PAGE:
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The LLVM gold plugin
Building with link time optimization requires cooperation from
the system linker. LTO support on Linux systems requires that you use the
`gold linker`_ which supports LTO via plugins. This is the same mechanism
used by the `GCC LTO`_ project.
The LLVM gold plugin implements the gold plugin interface on top of
:ref:`libLTO`. The same plugin can also be used by other tools such as
``ar`` and ``nm``.
.. _`gold linker`:
.. _`GCC LTO`:
.. _`gold plugin interface`:
.. _lto-how-to-build:
How to build it
You need to have gold with plugin support and build the LLVMgold plugin.
Check whether you have gold running ``/usr/bin/ld -v``. It will report "GNU
gold" or else "GNU ld" if not. If you have gold, check for plugin support
by running ``/usr/bin/ld -plugin``. If it complains "missing argument" then
you have plugin support. If not, such as an "unknown option" error then you
will either need to build gold or install a version with plugin support.
* To build gold with plugin support:
.. code-block:: bash
$ mkdir binutils
$ cd binutils
$ cvs -z 9 -d login
{enter "anoncvs" as the password}
$ cvs -z 9 -d co binutils
$ mkdir build
$ cd build
$ ../src/configure --enable-gold --enable-plugins
$ make all-gold
That should leave you with ``binutils/build/gold/ld-new`` which supports
the ``-plugin`` option. It also built would have
``binutils/build/binutils/ar`` and ``nm-new`` which support plugins but
don't have a visible -plugin option, instead relying on the gold plugin
being present in ``../lib/bfd-plugins`` relative to where the binaries
are placed.
* Build the LLVMgold plugin: Configure LLVM with
``--with-binutils-include=/path/to/binutils/src/include`` and run
The linker takes a ``-plugin`` option that points to the path of
the plugin ``.so`` file. To find out what link command ``gcc``
would run in a given situation, run ``gcc -v [...]`` and
look for the line where it runs ``collect2``. Replace that with
``ld-new -plugin /path/to/`` to test it out. Once you're
ready to switch to using gold, backup your existing ``/usr/bin/ld``
then replace it with ``ld-new``.
You can produce bitcode files from ``clang`` using ``-emit-llvm`` or
``-flto``, or the ``-O4`` flag which is synonymous with ``-O3 -flto``.
Any of these flags will also cause ``clang`` to look for the gold plugin in
the ``lib`` directory under its prefix and pass the ``-plugin`` option to
``ld``. It will not look for an alternate linker, which is why you need
gold to be the installed system linker in your path.
If you want ``ar`` and ``nm`` to work seamlessly as well, install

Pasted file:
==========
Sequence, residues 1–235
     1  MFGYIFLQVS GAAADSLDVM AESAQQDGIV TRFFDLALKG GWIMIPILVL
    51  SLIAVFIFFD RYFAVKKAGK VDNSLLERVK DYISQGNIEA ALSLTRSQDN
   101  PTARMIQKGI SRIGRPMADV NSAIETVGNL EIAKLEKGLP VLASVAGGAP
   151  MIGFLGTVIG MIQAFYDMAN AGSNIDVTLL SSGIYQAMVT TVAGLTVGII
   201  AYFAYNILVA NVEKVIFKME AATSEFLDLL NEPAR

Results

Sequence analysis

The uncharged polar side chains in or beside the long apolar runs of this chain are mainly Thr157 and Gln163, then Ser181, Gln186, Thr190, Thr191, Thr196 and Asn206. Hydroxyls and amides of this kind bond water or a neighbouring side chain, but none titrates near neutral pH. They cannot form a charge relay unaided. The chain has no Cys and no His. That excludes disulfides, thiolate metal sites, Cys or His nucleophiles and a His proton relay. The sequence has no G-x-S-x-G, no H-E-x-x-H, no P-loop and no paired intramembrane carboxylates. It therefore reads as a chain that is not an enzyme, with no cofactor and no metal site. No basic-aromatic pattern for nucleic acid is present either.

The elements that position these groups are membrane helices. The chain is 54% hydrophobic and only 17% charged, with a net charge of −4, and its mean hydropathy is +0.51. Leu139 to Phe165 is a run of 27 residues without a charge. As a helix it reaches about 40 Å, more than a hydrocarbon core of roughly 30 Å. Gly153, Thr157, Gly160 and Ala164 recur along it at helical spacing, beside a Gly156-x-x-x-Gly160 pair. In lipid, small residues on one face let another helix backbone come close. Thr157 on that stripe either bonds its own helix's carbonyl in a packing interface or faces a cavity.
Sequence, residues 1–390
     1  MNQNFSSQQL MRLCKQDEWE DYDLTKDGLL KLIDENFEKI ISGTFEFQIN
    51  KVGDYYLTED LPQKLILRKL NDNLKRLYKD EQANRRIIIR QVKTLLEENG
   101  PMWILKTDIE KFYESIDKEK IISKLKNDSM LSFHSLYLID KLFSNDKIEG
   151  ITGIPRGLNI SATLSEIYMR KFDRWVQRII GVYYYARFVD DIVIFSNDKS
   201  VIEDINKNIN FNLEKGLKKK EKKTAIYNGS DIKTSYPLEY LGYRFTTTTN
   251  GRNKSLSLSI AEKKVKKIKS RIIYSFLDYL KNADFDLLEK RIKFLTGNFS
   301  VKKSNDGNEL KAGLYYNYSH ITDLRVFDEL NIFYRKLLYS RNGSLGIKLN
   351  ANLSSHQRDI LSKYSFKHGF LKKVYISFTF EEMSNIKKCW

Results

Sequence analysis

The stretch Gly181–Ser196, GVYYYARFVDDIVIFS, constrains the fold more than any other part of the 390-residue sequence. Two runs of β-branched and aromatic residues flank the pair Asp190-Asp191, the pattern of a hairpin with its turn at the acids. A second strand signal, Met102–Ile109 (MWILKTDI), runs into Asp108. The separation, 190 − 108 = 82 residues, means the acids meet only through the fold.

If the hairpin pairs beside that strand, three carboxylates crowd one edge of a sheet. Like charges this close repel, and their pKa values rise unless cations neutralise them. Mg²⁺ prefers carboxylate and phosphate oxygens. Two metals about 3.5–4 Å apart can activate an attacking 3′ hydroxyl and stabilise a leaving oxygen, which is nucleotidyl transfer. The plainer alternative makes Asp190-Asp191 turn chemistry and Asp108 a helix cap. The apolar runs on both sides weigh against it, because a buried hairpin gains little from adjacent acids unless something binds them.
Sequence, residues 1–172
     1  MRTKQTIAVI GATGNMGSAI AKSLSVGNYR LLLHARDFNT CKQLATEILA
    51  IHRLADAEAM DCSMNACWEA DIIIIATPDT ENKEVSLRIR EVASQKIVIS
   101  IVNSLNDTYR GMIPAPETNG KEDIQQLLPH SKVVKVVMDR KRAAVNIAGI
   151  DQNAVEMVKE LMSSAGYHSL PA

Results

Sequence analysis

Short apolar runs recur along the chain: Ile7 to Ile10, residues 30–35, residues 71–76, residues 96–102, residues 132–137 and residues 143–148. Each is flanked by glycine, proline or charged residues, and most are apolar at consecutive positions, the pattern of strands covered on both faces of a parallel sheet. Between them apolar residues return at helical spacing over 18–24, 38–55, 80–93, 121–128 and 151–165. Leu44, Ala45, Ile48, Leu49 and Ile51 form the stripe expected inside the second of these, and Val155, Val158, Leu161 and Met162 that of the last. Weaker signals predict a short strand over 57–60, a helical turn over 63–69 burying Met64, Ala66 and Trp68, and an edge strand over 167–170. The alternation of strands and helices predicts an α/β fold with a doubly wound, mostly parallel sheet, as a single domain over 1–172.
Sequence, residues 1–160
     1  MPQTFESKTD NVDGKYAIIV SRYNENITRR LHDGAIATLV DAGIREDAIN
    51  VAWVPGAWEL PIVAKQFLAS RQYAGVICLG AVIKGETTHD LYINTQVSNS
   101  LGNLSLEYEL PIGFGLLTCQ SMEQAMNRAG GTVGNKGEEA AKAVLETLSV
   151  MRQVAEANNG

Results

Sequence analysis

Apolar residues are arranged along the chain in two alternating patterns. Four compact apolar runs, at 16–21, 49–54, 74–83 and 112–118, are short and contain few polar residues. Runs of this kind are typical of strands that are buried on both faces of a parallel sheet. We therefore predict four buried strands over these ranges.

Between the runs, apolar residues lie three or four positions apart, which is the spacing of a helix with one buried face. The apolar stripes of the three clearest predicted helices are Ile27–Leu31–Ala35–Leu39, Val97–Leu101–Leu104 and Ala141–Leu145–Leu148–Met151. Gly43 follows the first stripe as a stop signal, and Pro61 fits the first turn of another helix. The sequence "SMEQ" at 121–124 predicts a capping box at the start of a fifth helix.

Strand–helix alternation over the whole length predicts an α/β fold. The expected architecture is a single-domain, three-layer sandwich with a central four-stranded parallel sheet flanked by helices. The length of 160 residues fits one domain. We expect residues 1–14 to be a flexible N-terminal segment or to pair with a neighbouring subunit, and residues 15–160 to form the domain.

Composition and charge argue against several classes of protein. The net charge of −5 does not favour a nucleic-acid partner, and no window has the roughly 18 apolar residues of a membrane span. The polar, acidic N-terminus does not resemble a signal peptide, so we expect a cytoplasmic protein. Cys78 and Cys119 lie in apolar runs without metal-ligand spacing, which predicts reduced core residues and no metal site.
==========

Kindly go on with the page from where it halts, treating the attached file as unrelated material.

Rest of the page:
```` to ``/usr/lib/bfd-plugins``. If you built your own gold, be
sure to install the ``ar`` and ``nm-new`` you built to ``/usr/bin``.
Example of link time optimization
The following example shows a worked example of the gold plugin mixing LLVM
bitcode and native code.
.. code-block:: c
--- a.c ---
#include <stdio.h>
extern void foo1(void);
extern void foo4(void);
void foo2(void) {
void foo3(void) {
int main(void) {
--- b.c ---
#include <stdio.h>
extern void foo2(void);
void foo1(void) {
void foo4(void) {
.. code-block:: bash
--- command lines ---
$ clang -flto a.c -c -o a.o # <-- a.o is LLVM bitcode file
$ ar q a.a a.o # <-- a.a is an archive with LLVM bitcode
$ clang b.c -c -o b.o # <-- b.o is native object file
$ clang -flto a.a b.o -o main # <-- link with LLVMgold plugin
Gold informs the plugin that foo3 is never referenced outside the IR,
leading LLVM to delete that function. However, unlike in the :ref:`libLTO
example <libLTO-example>` gold does not currently eliminate foo4.
Quickstart for using LTO with autotooled projects
Once your system ``ld``, ``ar``, and ``nm`` all support LLVM bitcode,
everything is in place for an easy to use LTO build of autotooled projects:
* Follow the instructions :ref:`on how to build
* Install the newly built binutils to ``$PREFIX``
* Copy ``Release/lib/`` to ``$PREFIX/lib/bfd-plugins/``
* Set environment variables (``$PREFIX`` is where you installed clang and
.. code-block:: bash
export CC="$PREFIX/bin/clang -flto"
export CXX="$PREFIX/bin/clang++ -flto"
export AR="$PREFIX/bin/ar"
export NM="$PREFIX/bin/nm"
export RANLIB=/bin/true #ranlib is not needed, and doesn't support .bc files in .a
export CFLAGS="-O4"
* Or you can just set your path:
.. code-block:: bash
export PATH="$PREFIX/bin:$PATH"
export CC="clang -flto"
export CXX="clang++ -flto"
export RANLIB=/bin/true
export CFLAGS="-O4"
* Configure and build the project as usual:
.. code-block:: bash
% ./configure && make && make check
The environment variable settings may work for non-autotooled projects too,
but you may need to set the ``LD`` environment variable as well.
Gold is licensed under the GPLv3. LLVMgold uses the interface file
``plugin-api.h`` from gold which means that the resulting ````
binary is also GPLv3. This can still be used to link non-GPLv3 programs
just as much as gold could without the plugin.